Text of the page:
Political Behavior

Using Implicit and Explicit Social Pressure to Increase Voter Turnout

Although get-out-the-vote mailers are frequently used in political campaigns to increase voter turnout, Matland and Murray (2016) point out that they are fairly ineffective. One particular type of mailer using explicit pressure has been shown to increase voter turnout. These “self-mailers” include information about the recipient’s voting history and implies that the sender will be [...]

Facebook Users’ Political Participation

Social media outlets, such as Facebook and YouTube, played an important role in the 2008 presidential election. These sites allowed candidates to communicate with potential voters and potential voters to communicate with each other. Vitak and colleagues (2011) cited information from the Pew Internet and American Life Project indicating that 65% of social network site [...]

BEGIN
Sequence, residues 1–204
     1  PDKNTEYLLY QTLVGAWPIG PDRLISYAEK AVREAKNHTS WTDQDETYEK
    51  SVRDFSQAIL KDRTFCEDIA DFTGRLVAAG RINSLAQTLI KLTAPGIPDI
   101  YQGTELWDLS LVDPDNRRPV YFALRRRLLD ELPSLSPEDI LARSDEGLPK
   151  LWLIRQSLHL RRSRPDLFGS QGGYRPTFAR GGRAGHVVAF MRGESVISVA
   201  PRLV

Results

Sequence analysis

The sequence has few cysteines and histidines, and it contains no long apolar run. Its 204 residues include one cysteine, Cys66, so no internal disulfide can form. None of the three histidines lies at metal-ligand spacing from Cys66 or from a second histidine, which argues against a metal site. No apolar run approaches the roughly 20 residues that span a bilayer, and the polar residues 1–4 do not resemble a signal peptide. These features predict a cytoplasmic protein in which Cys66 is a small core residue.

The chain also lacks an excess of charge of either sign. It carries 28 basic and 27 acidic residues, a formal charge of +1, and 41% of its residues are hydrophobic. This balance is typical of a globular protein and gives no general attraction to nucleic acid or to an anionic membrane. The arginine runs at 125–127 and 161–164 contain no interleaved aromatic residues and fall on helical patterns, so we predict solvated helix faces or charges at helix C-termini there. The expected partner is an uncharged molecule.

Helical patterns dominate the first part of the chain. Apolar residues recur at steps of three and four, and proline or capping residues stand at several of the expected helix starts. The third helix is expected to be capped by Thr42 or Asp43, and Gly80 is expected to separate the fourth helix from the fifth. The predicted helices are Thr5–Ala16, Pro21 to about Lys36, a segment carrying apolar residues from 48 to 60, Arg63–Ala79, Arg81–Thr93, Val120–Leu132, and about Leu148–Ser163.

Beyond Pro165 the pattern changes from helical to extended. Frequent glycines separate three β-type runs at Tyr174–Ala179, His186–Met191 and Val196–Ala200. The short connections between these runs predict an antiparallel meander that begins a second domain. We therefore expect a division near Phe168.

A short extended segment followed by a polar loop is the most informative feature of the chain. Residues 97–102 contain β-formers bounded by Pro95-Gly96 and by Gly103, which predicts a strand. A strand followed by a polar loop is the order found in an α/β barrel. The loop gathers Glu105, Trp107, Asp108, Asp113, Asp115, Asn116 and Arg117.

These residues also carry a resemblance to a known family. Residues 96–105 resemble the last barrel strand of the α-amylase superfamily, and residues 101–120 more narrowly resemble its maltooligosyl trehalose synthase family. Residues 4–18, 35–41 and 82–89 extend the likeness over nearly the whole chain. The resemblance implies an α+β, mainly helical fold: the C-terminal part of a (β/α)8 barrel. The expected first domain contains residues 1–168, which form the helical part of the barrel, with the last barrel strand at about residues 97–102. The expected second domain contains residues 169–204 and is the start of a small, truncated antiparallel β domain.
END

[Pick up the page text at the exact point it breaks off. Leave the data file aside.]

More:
Primacy and Recency Effects in Voter Mobilization Campaigns

The typical political campaign times the majority of advertising so that it occurs just prior to an election. The expectation behind this strategy is that information presented close to the election date remains accessible in memory and its persuasive message may be less subject to decay. In addition to this recency effect Panagopoulos (2011), suggests [...]

If They Were to Vote, They Would Vote for Us

Studies in a wide variety of areas show a false consensus (or social projection) effect in that people overestimate the percentage of others who share their views. Koudenburg, Postmes, and Gordijn (2011) investigated whether this phenomenon applied to voters as well. They asked voters in the Netherlands to estimate the percentage of votes their party [...]